Blog

Camera trapping with Virginia Teachers

Submitted by Megan Blance on February 12, 2018 - 2:11pm

The Eyes on Wildlife project is a collaboration between the Smithsonian Conservation Biology Institute, Friends of the National Zoo, and teachers in the Front Royal, Virginia area to bring eMammal citizen science to middle school and high school students. Teachers can use eMammal lesson plans created using Virginia Standards of Learning as well as collect their own data for analysis in the classroom.

We are online!

Submitted by SCBI Staff on November 21, 2017 - 4:16pm

The first eMammal project in Australia is now up and running!  This project represents a collaboration between three indigenous ranger programs with support from WWF Australia, in the Western Kimberley region which is part of the state of Western Australia.  The three ranger groups came together back in June 2017 and over a period of 3 days put out over 50 camera traps across a large portion of area that includes the traditional lands of the Yawuru, Karajarri, Nyikina and Mangala peoples. Our goal was to look for the elusive, rare spectacled hare-wallaby and find it we did!

Critter Camera Sliver Award Project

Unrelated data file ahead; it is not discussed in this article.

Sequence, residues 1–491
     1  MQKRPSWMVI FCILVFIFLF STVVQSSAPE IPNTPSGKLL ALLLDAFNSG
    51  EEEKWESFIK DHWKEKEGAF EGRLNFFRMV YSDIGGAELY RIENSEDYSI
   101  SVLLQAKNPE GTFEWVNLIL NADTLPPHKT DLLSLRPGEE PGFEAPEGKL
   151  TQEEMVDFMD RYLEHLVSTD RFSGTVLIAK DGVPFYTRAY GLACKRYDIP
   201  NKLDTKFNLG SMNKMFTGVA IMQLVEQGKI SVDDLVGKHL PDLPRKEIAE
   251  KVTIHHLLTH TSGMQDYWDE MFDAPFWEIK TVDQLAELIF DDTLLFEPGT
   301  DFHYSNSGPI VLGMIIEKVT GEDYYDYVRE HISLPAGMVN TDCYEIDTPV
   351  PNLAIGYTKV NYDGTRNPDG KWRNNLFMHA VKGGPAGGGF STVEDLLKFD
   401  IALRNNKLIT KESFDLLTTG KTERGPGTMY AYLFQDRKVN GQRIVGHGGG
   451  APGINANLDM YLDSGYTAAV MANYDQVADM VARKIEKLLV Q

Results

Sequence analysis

Submitted by Amelia Howard on October 19, 2017 - 7:22pm

We decided to do the Critter Camera project for our Silver Award for Girl Scouts. To get started on the Critter Camera project you will need to contact someone from Triangle Land Conservancy. After you do this, you will have to complete an online training including information about the camera details, eMammal, and how to complete the Critter Camera Project. The camera used for this project is motion sensored, so it takes pictures when it detects movement.

eMammal Animals Inspire "Poems for Your Pocket"

Stephanie Schuttler's picture
Submitted by Stephanie Schuttler on April 26, 2017 - 5:07pm

In honor of "Poem in Your Pocket Day," students of Lena Deskins' 5th grade class at Sandy Ridge Elementary School took to their pens using eMammal camera trap photos as their muse. Students were inspired by coyotes, deer, squirrels, and turkeys. They are participating in an experiment to see how animals react to novel objects (in this case, a plastic lawn flamingo!). Not only did they get fantastic animal shots, but they also observed a coyote biting the flamingo, a man trying to take the flamingo, and a boy messing with the camera.